Retro-inspired indie games are being made faster than comic book movies. Downwell's unique concept and tight gameplay set it apart from the competition but is that enough to make it a must-have title?
Downwell is played by controlling a little fellow who wears some pretty snazzy shoes. He decides to jump down a seemingly endless well one day and the adventure ahead is unexpectedly epic. You play by just moving left and right and tapping a button to jump and shoot projectiles from your shoes. You gain gems as you play that you can redeem at the odd shop for upgrades. These will come in handy when dealing with the wide assortment of enemies that occupy the many layers of the well. There are two main varieties to keep in mind: colourful ones that hurt you when you land on them and white ones that you can stomp on. You'll come across many foes such as bats, frogs, turtles, and ghosts. Whenever you slay multiple adversaries in a row without landing on a solid surface, you increase your combo amount. Aiming for high combos while avoiding hazards makes for quite an exciting gameplay dynamic. Keep in mind; you have to begin the entire game again whenever you run out of health points so being able to get to the bottom of the well is a task that only the most skilled gamers will be able to accomplish. Overall, the simple and tight controls make the fast-paced challenging gameplay very enjoyable to master.
Most retro indie games aim to look like they're from a certain era while Downwell takes a unique approach. There are only ever three colours onscreen at once which allows every feature to stand out prominently. What makes the visuals even more pleasing to the eye is the smooth animation. Your character as well as your enemies all come to life with their fluid movements. The music and effects sound like they're lifted straight from an 8-bit game. However, the soundtrack isn't very catchy. In fact, I found the songs to get repetitive after a short while. Now that I mention it, the bare-bones visuals get quite boring, too.
As you play, you'll unlock many gameplay styles and colour palettes. The styles have distinct advantages and disadvantages such as one where you're granted more health but you don't get offered as many upgrades between stages. Swapping the colour palettes obviously doesn't affect the gameplay but doing so at least makes Downwell look a bit different. You'll also equip many different weapons such as shotguns, lasers, and pistols but the only real differences are minor compared to arsenals in most other games. In the end, these additions help keep things somewhat fresh and unlocking more treasures always feels rewarding.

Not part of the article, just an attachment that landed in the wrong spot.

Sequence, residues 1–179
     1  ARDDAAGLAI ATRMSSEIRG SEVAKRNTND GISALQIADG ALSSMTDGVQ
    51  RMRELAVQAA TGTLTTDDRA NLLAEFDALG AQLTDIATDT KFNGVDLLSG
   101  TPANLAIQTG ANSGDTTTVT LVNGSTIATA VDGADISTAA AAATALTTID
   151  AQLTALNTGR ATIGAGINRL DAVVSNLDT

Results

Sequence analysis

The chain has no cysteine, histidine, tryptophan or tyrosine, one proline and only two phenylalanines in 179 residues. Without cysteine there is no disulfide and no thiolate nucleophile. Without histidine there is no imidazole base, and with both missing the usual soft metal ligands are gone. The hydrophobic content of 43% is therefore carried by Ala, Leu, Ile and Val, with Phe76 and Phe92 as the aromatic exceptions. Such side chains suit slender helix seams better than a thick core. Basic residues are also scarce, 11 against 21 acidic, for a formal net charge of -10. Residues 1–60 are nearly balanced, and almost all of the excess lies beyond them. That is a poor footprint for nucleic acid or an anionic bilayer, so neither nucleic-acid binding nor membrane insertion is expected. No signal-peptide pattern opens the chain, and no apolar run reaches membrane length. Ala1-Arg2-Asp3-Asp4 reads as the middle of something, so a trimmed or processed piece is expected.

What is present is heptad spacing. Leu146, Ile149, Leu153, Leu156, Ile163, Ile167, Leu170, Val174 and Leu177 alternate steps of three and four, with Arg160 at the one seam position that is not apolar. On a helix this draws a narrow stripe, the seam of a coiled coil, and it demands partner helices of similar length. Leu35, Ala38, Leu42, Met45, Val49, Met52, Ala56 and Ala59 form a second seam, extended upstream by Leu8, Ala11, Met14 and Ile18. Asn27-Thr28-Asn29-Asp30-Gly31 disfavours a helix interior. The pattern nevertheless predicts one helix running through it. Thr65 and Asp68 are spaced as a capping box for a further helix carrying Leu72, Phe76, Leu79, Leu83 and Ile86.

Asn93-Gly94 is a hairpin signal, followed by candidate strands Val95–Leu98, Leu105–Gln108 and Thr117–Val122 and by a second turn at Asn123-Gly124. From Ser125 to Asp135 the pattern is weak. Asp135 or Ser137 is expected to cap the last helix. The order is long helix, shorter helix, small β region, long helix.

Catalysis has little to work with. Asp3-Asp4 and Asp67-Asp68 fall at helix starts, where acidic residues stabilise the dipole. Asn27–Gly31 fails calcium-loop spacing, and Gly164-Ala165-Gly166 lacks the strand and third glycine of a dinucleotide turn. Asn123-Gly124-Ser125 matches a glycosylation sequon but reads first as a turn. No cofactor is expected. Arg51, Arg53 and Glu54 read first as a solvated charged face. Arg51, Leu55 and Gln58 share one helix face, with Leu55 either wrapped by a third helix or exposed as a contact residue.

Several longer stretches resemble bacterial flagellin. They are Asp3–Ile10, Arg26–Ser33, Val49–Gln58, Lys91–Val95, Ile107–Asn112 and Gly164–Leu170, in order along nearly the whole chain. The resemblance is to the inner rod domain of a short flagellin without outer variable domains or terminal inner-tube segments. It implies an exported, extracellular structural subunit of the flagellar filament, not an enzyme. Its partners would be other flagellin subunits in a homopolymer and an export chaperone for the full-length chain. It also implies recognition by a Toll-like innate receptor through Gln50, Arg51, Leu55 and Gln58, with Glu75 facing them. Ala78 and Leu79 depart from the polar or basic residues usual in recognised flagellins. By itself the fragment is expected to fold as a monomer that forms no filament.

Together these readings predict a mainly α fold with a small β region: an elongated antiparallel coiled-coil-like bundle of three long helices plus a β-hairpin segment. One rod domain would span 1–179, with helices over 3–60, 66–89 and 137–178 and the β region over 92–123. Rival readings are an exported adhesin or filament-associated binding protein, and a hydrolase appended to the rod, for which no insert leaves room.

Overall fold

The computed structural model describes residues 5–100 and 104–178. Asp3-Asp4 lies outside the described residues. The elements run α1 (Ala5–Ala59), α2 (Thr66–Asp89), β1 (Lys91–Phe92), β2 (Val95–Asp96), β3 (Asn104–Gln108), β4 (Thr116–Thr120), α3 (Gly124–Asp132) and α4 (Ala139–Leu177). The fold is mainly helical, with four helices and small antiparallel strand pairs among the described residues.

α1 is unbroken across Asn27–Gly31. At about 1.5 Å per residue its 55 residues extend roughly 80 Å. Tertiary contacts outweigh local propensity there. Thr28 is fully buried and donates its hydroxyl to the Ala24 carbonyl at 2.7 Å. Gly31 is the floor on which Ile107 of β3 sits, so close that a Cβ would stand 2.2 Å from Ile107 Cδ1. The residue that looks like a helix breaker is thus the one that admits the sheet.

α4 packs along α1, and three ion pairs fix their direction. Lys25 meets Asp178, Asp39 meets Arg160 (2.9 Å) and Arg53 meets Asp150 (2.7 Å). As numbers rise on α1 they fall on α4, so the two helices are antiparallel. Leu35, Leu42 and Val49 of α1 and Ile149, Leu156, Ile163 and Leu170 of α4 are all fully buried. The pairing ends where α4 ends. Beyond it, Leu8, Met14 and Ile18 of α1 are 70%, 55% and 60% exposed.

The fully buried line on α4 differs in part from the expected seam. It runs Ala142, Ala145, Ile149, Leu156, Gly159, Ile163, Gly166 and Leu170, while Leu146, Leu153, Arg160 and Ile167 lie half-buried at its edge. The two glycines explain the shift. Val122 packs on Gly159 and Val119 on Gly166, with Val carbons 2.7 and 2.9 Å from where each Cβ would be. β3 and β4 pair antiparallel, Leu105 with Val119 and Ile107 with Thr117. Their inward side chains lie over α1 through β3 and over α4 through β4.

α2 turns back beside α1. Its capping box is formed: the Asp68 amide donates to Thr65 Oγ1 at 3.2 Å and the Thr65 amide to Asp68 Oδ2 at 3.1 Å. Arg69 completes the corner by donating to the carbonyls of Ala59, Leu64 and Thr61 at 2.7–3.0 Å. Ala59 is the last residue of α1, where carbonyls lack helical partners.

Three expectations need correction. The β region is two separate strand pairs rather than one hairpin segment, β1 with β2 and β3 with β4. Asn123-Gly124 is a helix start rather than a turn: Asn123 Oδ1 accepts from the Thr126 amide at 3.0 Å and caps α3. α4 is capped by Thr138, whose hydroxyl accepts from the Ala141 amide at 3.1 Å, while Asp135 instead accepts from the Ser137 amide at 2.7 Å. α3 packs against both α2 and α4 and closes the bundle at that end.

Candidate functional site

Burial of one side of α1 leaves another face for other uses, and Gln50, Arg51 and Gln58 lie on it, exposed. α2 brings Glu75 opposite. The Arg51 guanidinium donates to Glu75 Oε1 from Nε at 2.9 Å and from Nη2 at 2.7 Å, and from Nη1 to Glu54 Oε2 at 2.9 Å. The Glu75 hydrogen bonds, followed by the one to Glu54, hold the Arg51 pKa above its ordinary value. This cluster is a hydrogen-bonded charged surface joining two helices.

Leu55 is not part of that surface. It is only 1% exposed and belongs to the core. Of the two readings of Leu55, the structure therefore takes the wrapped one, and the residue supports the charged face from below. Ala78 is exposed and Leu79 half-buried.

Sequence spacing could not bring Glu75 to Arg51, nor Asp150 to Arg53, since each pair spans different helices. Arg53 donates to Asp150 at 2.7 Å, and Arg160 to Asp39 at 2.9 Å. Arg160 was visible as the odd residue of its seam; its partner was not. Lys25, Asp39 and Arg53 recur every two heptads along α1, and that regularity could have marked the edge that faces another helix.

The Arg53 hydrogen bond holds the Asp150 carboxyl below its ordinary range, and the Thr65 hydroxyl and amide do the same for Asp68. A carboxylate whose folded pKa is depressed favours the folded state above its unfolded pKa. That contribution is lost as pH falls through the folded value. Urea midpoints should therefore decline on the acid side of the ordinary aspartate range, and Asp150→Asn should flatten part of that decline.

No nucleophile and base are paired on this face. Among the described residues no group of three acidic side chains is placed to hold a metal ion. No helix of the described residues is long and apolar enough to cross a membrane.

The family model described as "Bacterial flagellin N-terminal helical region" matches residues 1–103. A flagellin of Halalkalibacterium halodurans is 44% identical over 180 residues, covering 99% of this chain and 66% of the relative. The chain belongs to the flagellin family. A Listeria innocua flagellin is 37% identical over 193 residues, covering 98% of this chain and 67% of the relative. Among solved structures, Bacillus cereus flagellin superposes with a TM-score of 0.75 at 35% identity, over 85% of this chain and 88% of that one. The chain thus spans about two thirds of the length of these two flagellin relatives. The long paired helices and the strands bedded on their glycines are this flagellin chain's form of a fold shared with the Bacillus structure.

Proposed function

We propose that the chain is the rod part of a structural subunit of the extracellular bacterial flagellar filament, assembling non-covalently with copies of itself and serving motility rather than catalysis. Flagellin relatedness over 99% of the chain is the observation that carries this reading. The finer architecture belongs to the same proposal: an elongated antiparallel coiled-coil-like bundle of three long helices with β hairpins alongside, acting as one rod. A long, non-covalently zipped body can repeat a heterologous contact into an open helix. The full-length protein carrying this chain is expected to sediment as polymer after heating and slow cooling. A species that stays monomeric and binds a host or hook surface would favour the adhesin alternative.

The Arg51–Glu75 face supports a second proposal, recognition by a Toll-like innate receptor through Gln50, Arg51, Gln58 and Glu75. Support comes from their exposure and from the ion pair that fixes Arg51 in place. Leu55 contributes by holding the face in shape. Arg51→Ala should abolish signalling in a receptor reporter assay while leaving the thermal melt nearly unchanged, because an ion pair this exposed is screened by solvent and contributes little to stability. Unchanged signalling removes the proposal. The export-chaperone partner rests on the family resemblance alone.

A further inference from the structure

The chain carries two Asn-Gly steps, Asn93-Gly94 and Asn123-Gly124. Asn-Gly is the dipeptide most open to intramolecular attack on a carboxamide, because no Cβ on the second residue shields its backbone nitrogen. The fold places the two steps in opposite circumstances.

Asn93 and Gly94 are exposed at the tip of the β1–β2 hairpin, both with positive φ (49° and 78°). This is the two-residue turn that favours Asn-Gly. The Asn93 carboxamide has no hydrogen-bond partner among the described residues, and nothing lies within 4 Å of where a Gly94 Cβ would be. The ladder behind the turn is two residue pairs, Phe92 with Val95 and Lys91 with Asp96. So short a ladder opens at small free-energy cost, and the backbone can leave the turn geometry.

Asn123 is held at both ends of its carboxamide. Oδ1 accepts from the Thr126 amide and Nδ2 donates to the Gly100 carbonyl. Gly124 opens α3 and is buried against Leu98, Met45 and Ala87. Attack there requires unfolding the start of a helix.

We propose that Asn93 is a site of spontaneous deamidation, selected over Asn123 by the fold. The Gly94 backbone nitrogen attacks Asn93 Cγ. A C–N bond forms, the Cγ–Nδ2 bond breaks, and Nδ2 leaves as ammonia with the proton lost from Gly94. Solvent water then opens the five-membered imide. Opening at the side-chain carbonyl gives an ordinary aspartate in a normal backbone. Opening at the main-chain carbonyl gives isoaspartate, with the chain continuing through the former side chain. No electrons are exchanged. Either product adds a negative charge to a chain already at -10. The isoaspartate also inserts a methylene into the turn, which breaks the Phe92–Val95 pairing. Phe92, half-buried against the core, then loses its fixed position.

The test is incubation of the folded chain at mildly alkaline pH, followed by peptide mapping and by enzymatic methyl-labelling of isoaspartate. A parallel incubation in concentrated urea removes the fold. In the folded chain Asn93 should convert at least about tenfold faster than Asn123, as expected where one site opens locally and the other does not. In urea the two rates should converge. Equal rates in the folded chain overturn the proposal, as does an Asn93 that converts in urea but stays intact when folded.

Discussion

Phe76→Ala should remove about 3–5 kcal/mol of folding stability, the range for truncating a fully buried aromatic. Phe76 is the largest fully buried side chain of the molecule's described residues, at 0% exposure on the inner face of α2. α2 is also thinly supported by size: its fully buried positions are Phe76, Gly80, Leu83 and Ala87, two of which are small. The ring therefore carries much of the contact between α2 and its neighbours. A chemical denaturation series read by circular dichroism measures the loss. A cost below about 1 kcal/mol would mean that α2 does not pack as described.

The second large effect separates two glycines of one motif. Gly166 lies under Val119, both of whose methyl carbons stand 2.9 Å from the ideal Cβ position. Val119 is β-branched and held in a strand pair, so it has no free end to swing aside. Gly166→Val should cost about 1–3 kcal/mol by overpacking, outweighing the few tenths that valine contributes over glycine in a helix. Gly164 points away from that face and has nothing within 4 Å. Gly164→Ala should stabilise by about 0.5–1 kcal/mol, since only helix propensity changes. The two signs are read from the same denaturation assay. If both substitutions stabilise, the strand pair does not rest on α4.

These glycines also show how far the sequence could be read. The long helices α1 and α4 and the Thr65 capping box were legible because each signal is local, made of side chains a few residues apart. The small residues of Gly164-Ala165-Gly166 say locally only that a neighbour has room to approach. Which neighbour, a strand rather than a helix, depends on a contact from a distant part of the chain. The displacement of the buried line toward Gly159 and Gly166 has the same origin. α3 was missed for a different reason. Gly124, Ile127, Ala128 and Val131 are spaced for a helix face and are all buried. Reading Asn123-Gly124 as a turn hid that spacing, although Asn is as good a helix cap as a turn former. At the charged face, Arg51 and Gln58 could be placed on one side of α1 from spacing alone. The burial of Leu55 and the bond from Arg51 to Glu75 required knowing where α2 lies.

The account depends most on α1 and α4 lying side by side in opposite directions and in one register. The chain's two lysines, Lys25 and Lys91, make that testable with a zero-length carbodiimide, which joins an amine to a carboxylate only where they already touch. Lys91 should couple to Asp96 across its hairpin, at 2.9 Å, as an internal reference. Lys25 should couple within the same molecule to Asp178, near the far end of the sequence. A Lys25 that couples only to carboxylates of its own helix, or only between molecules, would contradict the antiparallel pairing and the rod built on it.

Although Downwell is an undeniably fun adventure, I found that the simplistic gameplay started to get tiresome after a couple dozen or so attempts. I understand that many gamers will delight in the challenging rogue-like setup but it only stays exciting for so long. On top of this, the lack of modes severely limits replay value. All you do is jump down the well, perish after a certain amount of time, and then start it all again. If they implemented a list of challenges, multiplayer, an adventure mode for more casual gamers, or played around with the core gameplay in some mini-games then I'd probably find myself playing Downwell for much longer than the few hours that I have already. In short, extra content really goes a long way so it's a missed opportunity that the developers didn't pursue it more.
Downwell is a very fun action-packed experience that's definitely a worthwhile download for any old-school gamer. However, the lack of variety in its incredibly basic world holds it back from being an instant classic.
- + Tight controls and simple fast-paced gameplay that's a ton of fun to master
- + Unique retro style with cool animations
- + Unlockables offer much-needed variety
- - Some gamers will find that the basic gameplay gets stale rather quickly
- - Music and visuals become repetitive
- - Lack of modes limits replay value